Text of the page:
I’ve quite a few books these past couple weeks, but I don’t really feel like writing lengthy reviews for them all. Instead, I’m going to start doing a batch of mini reviews every other month or so, depending on the amount of books I have read.
Book: This is Where it Ends by Marieke Nijkamp
My rating: 4/5 stars
Review: I recently got a membership on Scribd, and went through and saved all of the books I was interested in reading. To test the app and see if I liked it or didn’t, I decided to pick up TIWIE, a book that follows four students over a span of fifty-four minutes of a school shooting. I pretty much read it in one sitting; I couldn’t seem to be able to put it down. With everything going on in America, especially the Pittsburgh shooting, this books really hit home. I read it Saturday night and I was on edge the whole time. I was terrified to close my eyes, because these kinds of things happen constantly.
Book: A Danger to Herself and Others by Alyssa Sheinmel
My rating: 4/5 stars
Review: I received an ARC of A Danger to Herself and Others from Netgalley in exchange for an honest review. I love a book with an unreliable narrator, and A Danger to Herself and Others gave me that. From the very beginning of the book, you don’t really know what happened, because Hannah doesn’t really know what happened. As soon as you think you figured out what the heck is going on, you’re thrown down another rabbit hole that leaves you with more questions that answers. The only thing I didn’t enjoy was the ending. I’m glad that Hannah is coming to terms with her diagnosis, but I really wished she would have stayed in the institute, where she was actually getting the care she needed, rather than going with her parents who didn’t actually want anything to do with her. A Danger to Herself and Others is set to be released February 5, 2019, so I urge you to pick up a copy.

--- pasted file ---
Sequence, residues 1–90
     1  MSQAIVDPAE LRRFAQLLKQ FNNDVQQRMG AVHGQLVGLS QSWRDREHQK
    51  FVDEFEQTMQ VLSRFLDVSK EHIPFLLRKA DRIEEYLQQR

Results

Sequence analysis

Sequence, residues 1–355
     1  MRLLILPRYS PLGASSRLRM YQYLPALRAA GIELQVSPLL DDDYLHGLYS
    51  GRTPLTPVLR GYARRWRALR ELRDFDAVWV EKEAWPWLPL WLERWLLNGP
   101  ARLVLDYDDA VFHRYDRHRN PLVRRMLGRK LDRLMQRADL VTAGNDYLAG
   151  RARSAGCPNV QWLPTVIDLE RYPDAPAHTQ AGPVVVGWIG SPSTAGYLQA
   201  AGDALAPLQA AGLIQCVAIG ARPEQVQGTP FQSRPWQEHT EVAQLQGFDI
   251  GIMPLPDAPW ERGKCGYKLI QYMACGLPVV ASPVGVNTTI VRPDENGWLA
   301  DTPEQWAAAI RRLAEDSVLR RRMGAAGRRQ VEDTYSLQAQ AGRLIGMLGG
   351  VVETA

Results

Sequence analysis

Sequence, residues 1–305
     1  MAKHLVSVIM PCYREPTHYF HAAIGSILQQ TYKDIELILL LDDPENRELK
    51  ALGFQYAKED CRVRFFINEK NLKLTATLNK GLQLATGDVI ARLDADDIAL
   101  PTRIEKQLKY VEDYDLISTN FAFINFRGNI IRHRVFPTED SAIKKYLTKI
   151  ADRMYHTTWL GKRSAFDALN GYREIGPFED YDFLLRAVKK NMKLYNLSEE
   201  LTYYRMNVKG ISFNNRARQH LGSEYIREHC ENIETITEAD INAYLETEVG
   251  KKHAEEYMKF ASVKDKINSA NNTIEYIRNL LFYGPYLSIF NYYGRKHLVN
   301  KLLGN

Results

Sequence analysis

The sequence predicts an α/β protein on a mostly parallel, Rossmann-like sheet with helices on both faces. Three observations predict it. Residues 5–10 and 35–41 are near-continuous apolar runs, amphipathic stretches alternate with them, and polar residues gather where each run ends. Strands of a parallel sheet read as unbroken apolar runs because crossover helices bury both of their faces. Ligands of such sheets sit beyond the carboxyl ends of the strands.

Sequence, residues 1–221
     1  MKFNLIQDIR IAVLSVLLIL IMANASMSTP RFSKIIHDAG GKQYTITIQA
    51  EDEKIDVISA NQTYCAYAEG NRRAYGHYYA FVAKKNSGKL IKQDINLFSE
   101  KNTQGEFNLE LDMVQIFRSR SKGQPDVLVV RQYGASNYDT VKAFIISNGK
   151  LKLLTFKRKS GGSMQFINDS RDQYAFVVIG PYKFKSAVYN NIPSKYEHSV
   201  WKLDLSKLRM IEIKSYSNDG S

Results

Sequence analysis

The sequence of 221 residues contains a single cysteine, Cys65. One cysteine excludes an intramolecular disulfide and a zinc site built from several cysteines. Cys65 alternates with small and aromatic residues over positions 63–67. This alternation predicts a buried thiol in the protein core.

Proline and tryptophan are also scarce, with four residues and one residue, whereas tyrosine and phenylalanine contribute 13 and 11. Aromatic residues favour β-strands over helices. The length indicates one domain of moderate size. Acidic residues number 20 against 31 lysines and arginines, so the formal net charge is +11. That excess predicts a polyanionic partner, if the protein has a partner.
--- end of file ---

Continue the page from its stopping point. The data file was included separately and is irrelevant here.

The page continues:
Book: That Oxford Girl by Tilly Rose
My rating: 3/5 stars
Review: I have no real desire to go to Oxford, but I really enjoyed reading this. Tilly Rose went into great detail about the campuses, admissions process, and the academics of the university. I loved that she included images of the campus and various areas throughout the college. It really brought the book to life.
Book: Turning 15 on the Road to Freedom by Lynda Blackmon Lowery
My Rating: 4/5 stars
Review: For those of you who don’t know, I’m a bit of a history buff. I can’t tell you about full historical events, but I can throw out some weird yet interesting history facts. I decided to pick up the audiobook while at work so that I had something short to listen to while I cleaned and washed the dishes. The audiobook is only an hour long, so it was perfect. This is an autobiography that follows Lynda Blackmon Lowery, the youngest person on the march from Selma to Montgomery. This book was really emotional and really gave readers a glimpse into what it was like to be black during the fight against segregation. I mean, the government literally used tear gas on children and other peaceful protesters!!